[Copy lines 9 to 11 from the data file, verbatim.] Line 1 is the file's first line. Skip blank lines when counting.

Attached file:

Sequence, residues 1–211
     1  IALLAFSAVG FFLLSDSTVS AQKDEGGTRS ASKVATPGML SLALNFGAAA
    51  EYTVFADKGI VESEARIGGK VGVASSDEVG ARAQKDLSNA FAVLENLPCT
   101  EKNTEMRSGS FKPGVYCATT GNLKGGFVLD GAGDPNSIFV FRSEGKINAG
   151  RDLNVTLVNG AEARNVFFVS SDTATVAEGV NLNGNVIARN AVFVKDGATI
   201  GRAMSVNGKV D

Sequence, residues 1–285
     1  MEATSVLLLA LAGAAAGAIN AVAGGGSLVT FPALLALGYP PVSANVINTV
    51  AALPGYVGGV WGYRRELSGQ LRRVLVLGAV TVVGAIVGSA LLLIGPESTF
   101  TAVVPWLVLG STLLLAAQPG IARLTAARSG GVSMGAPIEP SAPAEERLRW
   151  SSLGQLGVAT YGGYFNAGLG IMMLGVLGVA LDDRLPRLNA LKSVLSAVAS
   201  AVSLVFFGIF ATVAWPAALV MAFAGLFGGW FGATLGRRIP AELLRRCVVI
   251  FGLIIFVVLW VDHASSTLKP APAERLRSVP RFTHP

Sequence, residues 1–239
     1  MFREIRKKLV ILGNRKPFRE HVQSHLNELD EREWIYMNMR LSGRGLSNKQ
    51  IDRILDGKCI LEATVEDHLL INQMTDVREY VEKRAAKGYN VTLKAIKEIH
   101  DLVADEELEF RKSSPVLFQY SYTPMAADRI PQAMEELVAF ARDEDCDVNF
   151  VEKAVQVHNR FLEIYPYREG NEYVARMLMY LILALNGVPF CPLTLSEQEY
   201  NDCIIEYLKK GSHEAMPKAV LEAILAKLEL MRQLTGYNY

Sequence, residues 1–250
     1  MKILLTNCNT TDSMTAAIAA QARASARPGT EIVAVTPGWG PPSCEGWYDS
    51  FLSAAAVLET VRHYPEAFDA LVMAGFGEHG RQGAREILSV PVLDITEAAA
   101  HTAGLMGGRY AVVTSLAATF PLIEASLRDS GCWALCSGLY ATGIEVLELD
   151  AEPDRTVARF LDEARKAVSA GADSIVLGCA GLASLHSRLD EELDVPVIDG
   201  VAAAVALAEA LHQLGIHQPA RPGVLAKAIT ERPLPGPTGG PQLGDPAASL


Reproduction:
    51  AALPGYVGGV WGYRRELSGQ LRRVLVLGAV TVVGAIVGSA LLLIGPESTF
   101  TAVVPWLVLG STLLLAAQPG IARLTAARSG GVSMGAPIEP SAPAEERLRW
   151  SSLGQLGVAT YGGYFNAGLG IMMLGVLGVA LDDRLPRLNA LKSVLSAVAS